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AN APPRECIATION

A city hangs on his every word

March 31, 2008|Christine Daniels | Times Staff Writer

One in a series of stories marking the Dodgers' 50th anniversary in L.A.

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His voice belongs to then and now, an audio clip that carries us back to a bygone era even as it keeps us up-to-the-minute updated.

It has been there as long as big-league baseball has been in this city, actually pre-dating the Los Angeles Dodgers by several years, which was the biggest advantage the Dodgers had when they first arrived in 1958, certainly more important than any of the fading stars on the playing roster.

When Vin Scully settled in behind his microphone at the Coliseum 50 years ago, Los Angeles had the narrator it needed and the Dodgers had the pitchman they required to break the ice, to melt any pockets of resistance that might have been scattered around the Southland.

He has been at it ever since, his tenure an L.A. story unlike any other, providing a sense of permanence to a city perfectly captured by Steve Martin's line in the movie "L.A. Story": "Some of these buildings are more than 20 years old!"

But as the Dodgers crank up the celebratory machine to mark their 50th anniversary in Los Angeles, a different emotion surfaces when considering Scully's place with the Dodgers. Scully is 80 and in the last year of his contract with the club. He hasn't yet decided on his plans for after this season. For the time being, anyway, every game, every inning Scully's calls carry with them an underlying, undeniable theme for listeners: Let us enjoy them while we can.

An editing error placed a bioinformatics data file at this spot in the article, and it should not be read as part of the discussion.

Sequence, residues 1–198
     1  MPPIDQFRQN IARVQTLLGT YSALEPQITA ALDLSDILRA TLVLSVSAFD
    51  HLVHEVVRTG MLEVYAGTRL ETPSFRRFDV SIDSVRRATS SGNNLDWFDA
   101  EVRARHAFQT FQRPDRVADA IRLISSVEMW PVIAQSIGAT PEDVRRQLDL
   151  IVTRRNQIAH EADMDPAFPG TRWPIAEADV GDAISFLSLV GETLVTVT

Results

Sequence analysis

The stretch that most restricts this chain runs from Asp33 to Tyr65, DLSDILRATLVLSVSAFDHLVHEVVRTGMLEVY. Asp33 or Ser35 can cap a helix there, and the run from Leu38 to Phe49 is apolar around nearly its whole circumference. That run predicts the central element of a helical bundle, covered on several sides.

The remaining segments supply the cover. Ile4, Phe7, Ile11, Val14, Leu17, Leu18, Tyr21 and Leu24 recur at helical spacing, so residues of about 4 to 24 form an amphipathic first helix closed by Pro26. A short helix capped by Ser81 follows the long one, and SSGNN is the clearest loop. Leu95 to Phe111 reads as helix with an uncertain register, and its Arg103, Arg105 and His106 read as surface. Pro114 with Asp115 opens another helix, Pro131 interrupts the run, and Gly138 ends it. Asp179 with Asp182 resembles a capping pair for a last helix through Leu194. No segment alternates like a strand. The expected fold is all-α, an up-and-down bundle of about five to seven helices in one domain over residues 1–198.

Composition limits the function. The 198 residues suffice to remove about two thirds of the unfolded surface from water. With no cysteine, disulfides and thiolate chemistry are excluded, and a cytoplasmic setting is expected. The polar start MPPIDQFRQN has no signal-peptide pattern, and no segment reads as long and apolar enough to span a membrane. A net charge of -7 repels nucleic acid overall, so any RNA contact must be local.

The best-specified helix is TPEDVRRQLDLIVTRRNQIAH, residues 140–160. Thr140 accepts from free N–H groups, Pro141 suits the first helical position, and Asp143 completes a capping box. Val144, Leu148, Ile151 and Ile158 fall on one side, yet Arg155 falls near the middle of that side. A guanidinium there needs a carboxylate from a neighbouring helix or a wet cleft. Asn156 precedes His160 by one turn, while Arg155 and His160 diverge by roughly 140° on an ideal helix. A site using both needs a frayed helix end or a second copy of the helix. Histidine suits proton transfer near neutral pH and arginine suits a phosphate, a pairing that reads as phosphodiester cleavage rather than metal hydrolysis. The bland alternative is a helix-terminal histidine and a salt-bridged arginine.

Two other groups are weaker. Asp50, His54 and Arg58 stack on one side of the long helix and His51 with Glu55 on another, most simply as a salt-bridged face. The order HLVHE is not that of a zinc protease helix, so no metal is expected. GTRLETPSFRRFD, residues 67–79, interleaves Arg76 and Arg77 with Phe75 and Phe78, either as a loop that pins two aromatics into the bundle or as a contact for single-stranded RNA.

Scully represents more than an era in Los Angeles sports history; he also represents an era in sports broadcasting when announcers were as indelibly linked to the teams they covered as the logo on the players' caps.

When Scully was hired by the Brooklyn Dodgers in 1950, his contemporaries included Mel Allen with the Yankees and Russ Hodges with the Giants. They were icons, with larger-than-life personas, as they served as the immediate conduits of information and news to fans hungry for details about their teams.

That was the template that served baseball for decades. Jack Buck with the St. Louis Cardinals. Ernie Harwell with the Detroit Tigers. Bob Prince with the Pittsburgh Pirates. Harry Caray with the Cardinals, then the Chicago Cubs.

Over time, that part of the job description changed. More teams meant more job movement among announcers. New media, such as the Internet, meant more sources for information.

By 2008, Scully might not be the last of the great baseball play-by-play icons; Jerry Coleman in San Diego and Dave Niehaus in Seattle remain franchise and community fixtures. But the pool is shrinking.

What has Scully meant to the Dodgers since 1958?